"il Giorno", Friday February 16th , 1990
Tomorrow, Mantova celebrates Bruno Rizzi, called the "Italian Gilas", thanks to his studies on the Soviet Union.
A TALENTED AUTODIDACT AT WAR WITH THE "BUREAUSAURS"
By LUCIANO PELLICANI
Rizzi attired the attention of the above mentioned scholars thanks to a book which was published in 1939 in Paris with the significant title: The Bureaucratic Collectivism
in which he assumed that the Bolshevik revolution did not establish socialism, but a “sui generis” society which has to bear the hegemony of a “new class”: bureaucracy. It is for this reason that he was defined the “Italian Gilas”, by the few who read his books.
Vainly, the trockijist Pierre Naville, reported the shameful plagiarism of Burnham and the identity of the “mysterious Bruno R.”. Rizzi continued to be an outcast scholar who printed his books at his expenses and distributed them personally, since no Italian editor considered them worthy to be published. Some magazines, such as “Critica Sociale”, “Terzo Mondo”, “Giovane Critica”, “Rassegna Italiana di Sociologia” (N.d.T: Social Critique, Third World, Young Critique, Italian Sociology Report) published his articles and certain scholars, such as Giorgio Galli, Umberto Melotti, Antonio Carlo, Danilo Zolo, paid their attention to his bureaucratic collectivism theory. But this was all. Rizzi died in 1977, almost unknown and without the satisfaction to see his greatest work published by SugarCo, with an introduction by Bettino Craxi. He called me few days before his death and asked me to accelerate the publication of the BUREAUCRATIC COLLECTIVISM and thanked me for what I was doing in order to make his work be known by the Italian people. This is, briefly, the incredible adventure of the “Italian Gilas” who is going to be celebrated in Mantova as one of its best men on February 17th: a posthumous but right and proper compensation to a passionate scholar who found out, with extreme clearness, the biggest evil of the century: the totalitarianism in its double feature of Communist and Nazi revolution.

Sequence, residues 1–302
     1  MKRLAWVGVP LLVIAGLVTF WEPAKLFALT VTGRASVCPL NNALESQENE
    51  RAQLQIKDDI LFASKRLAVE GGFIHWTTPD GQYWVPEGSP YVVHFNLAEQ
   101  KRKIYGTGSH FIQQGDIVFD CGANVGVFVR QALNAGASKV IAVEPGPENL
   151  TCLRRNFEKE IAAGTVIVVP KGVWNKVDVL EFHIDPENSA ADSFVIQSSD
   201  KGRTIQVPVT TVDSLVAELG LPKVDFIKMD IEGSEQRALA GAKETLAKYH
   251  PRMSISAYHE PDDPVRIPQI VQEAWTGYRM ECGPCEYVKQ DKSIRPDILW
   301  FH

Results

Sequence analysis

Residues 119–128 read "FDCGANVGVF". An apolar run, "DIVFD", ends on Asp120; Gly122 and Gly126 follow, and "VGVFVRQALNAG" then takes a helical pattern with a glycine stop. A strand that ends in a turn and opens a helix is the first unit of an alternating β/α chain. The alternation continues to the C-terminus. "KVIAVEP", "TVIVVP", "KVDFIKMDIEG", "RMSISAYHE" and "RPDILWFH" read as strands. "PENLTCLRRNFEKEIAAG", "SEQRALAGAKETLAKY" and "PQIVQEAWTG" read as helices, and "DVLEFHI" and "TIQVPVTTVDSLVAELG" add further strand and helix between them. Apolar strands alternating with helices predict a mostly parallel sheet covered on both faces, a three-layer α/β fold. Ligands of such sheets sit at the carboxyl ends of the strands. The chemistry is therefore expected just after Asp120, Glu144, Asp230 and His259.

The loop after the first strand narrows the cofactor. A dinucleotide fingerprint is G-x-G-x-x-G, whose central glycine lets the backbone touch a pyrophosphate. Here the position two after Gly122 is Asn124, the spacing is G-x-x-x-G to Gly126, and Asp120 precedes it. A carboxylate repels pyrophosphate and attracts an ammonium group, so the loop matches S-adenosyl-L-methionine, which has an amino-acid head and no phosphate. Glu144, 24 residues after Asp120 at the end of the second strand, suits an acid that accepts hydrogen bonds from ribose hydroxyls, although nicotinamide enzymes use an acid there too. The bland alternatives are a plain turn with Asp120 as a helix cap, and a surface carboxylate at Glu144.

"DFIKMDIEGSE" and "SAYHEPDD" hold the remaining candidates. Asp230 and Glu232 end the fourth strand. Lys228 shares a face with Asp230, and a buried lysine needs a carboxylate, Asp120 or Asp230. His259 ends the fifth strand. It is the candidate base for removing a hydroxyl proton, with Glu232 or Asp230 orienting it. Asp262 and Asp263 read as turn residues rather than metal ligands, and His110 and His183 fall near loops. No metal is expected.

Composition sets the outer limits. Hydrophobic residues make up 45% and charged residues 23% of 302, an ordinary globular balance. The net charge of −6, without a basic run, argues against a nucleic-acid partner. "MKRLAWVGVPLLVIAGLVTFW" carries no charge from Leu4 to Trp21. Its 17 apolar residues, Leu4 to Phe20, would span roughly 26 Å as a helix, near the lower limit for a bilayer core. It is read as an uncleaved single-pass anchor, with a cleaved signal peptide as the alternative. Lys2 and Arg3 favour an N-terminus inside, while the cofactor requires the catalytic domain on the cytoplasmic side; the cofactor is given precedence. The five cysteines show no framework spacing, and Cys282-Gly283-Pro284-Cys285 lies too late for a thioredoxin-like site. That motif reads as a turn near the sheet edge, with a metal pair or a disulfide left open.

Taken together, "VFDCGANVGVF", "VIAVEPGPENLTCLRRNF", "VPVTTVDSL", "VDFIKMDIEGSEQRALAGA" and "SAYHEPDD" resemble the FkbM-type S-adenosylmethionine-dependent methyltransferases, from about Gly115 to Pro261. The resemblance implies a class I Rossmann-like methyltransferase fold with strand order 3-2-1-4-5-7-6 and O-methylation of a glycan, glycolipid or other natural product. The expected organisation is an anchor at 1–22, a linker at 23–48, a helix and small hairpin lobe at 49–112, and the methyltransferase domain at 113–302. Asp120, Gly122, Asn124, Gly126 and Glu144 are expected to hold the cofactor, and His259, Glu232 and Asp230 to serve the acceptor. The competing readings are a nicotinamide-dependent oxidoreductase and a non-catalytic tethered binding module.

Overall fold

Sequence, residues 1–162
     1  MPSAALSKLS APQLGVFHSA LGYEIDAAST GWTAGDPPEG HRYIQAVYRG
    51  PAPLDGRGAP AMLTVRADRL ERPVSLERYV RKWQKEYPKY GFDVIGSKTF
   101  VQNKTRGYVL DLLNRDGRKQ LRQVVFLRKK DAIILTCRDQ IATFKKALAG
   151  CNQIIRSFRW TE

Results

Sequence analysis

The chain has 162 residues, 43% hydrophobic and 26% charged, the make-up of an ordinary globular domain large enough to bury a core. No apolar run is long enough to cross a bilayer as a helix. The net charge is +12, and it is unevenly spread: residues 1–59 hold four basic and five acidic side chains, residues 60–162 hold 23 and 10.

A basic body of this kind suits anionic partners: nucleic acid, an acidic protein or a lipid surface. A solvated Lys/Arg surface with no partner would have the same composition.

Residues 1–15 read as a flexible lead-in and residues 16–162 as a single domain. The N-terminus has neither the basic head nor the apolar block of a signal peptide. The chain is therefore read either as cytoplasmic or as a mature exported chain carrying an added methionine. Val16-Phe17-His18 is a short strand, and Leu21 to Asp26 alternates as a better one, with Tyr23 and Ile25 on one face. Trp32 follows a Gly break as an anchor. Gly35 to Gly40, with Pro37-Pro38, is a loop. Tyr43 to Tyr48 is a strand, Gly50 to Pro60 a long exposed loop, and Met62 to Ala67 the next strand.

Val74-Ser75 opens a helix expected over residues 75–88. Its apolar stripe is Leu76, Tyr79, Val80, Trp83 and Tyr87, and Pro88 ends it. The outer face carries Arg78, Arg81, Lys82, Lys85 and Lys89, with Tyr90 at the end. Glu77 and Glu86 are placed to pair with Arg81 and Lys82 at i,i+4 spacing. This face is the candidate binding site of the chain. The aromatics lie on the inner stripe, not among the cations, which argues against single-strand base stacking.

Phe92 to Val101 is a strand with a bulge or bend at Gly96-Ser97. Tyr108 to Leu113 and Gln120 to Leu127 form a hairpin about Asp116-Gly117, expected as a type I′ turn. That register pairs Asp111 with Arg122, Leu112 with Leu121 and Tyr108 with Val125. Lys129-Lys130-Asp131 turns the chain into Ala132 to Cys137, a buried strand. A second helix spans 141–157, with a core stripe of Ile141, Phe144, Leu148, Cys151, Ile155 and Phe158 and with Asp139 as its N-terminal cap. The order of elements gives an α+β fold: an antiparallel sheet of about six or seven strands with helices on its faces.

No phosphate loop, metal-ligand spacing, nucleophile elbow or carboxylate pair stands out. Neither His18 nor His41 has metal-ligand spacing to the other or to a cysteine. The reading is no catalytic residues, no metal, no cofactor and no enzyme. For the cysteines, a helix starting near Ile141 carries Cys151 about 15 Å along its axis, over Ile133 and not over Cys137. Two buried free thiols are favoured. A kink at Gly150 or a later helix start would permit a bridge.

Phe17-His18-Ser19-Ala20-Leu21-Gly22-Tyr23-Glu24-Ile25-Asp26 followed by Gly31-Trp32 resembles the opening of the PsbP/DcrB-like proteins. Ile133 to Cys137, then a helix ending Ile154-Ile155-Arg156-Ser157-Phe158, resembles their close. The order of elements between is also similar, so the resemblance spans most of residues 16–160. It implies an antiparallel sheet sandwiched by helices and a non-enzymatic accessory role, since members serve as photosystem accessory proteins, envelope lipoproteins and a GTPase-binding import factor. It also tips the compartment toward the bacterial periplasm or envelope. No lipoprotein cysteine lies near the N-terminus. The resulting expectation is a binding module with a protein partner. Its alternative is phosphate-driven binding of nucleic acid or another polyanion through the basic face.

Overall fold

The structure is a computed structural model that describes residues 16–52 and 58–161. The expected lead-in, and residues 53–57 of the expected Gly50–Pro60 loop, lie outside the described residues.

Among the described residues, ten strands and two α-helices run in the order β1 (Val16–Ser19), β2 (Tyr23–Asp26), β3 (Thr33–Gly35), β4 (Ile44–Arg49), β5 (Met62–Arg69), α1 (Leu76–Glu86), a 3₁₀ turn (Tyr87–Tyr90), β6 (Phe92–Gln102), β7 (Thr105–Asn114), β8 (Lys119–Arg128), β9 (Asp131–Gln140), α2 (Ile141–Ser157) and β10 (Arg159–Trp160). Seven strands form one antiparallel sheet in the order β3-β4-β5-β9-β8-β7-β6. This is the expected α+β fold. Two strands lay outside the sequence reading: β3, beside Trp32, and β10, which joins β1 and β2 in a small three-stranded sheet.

It also takes into consideration the basic idea which brought him to understand the real nature of what many scholars, who defined themselves progressists, have considered many years before as “the motherland of socialism”.
This idea can be resumed as follows: the collective property of the means of production does not eliminate the classes and the exploitation of one man on the other, but creates a new class and a new form of exploitation, even more unmerciful of the one which characterize the capitalistic way of production: it does it by suppressing the market and, with it, the autonomy of the civil society as regards the State. The result is that the State, which is the only employer, becomes omnipotent and transforms the direct producers into “slaves of bureaucracy”.
Today, this truth, after the global failure of the Marxist-Leninist Communism, is almost obvious. But, when Rizzi explained this idea in its innumerable articles, he obtained only commentaries full of arrogance by our intellectuals, who were blind and deaf as regards reality, and arrogantly convinced that the economical collectivism was “the solved enigma of history”.